§ 3.5 p.m.
§ Lord PEART
My Lords, with the leave of the House, I should like to make a Statement about the expenses allowance for Members of your Lordships' House.
In January 1975 the Top Salaries Review Body under the chairmanship of the noble Lord, Lord Boyle, were invited by the Prime Minister to undertake a review of the remuneration and pensions of Ministers of the Crown and Members of Parliament and of the Peers' expenses allowance. The final part of the Review Body's report, which deals with the Peers' expenses allowance, is published today (Cmnd. 6749) and copies are available in the Printed Paper Office.
I should like to express my thanks to the noble Lord, Lord Boyle, and the Review Body members for carrying out their task assiduously and with great insight. The Government welcome their analysis of this difficult problem, and I will summarise their recommendations for your Lordships. I regret, however, that until pay policy permits, the Government must defer detailed consideration of these recommendations.
Since the Peers' expenses allowance was first introduced in 1957, its coverage has never been clearly defined. The Review Body seek to remedy this, and conclude that a clear specification is needed of the items of expenditure that can properly be claimed in attending the House. They recommend that expenditure should be divided into four elements, each with its own separate limit. The first covers night subsistence for those Peers who necessarily have to use overnight accommodation away from their only or main residence, and for this purpose a limit of £11 a night is recommended. Secondly, a limit of £6.50 is recommended for day subsistence to cover meals and incidental travel. The third element is for reimbursement of secretarial expenses within a cumulative limit of £4 a day. Lastly, postage and certain other additional expenses would be met within a cumulative limit of £3 a day. A minority of the Review Body would prefer to see these last two limits combined into a single grouping.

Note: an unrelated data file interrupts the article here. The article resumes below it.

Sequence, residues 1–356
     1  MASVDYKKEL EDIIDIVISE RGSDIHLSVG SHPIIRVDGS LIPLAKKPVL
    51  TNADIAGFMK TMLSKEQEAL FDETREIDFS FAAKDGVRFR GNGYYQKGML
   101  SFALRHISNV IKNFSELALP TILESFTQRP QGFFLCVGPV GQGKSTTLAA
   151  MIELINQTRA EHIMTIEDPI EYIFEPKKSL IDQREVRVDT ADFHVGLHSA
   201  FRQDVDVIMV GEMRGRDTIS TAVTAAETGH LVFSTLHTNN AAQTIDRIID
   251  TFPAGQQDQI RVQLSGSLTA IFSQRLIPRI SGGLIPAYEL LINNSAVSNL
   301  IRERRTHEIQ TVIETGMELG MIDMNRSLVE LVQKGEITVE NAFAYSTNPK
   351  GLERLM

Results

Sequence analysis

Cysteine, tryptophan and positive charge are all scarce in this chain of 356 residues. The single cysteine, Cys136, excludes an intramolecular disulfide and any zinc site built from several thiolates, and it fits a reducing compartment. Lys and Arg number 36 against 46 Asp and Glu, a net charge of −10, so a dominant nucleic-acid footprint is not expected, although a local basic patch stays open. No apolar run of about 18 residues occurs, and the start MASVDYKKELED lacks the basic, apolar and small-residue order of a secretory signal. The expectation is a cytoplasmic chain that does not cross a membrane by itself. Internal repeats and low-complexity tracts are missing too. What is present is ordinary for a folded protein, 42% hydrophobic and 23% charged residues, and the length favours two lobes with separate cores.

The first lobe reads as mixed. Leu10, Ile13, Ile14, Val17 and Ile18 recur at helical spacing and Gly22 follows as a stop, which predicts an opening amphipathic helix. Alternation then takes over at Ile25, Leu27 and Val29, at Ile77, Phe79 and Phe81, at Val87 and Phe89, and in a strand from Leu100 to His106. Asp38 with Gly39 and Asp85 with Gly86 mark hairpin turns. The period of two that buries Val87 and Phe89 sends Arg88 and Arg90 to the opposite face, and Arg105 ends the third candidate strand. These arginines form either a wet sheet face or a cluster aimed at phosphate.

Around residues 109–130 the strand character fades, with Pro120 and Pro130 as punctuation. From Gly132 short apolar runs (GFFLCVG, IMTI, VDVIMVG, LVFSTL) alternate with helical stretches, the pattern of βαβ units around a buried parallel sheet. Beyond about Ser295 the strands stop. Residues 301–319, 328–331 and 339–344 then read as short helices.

These daily limits together total £24.50; but only those Peers who have to incur 390 overnight accommodation expenses in London in order to attend the House would be eligible to claim against the overnight allowance of £11. Other Peers would be restricted to the three other allowances with limits totalling £13.50.
I ought perhaps also to draw your Lordships' attention to certain of the Review Body's remarks in their concluding paragraph. They said:We have observed during the course of this review that an impression exists outside Parliament —and, indeed, that it has been fostered over the years—that the Peers' expenses allowance is a daily attendance fee that Peers can claim as of right by attending the House of Lords. The impression is false, but it has persisted in spite of periodic restatements of the facts…The allowance has always been a maximum daily amount against which Peers can claim reimbursement of at least some of the expenses that they have actually incurred in attending Parliamentary business.Although detailed consideration of the report has to be deferred, the Government recognise that the current limit of £13.50, which was fixed in June 1975, is now clearly inadequate to cover the expenses of those Peers who have to occupy overnight accommodation in London in order to attend the House. I therefore intend to table a Motion which would enable such Peers, and them alone, to claim expenses allowance up to a limit of £16.50 a day. This increase of £3 a day would be consistent with pay policy, as it broadly reflects the rise in costs since the limit of the allowance was last revised.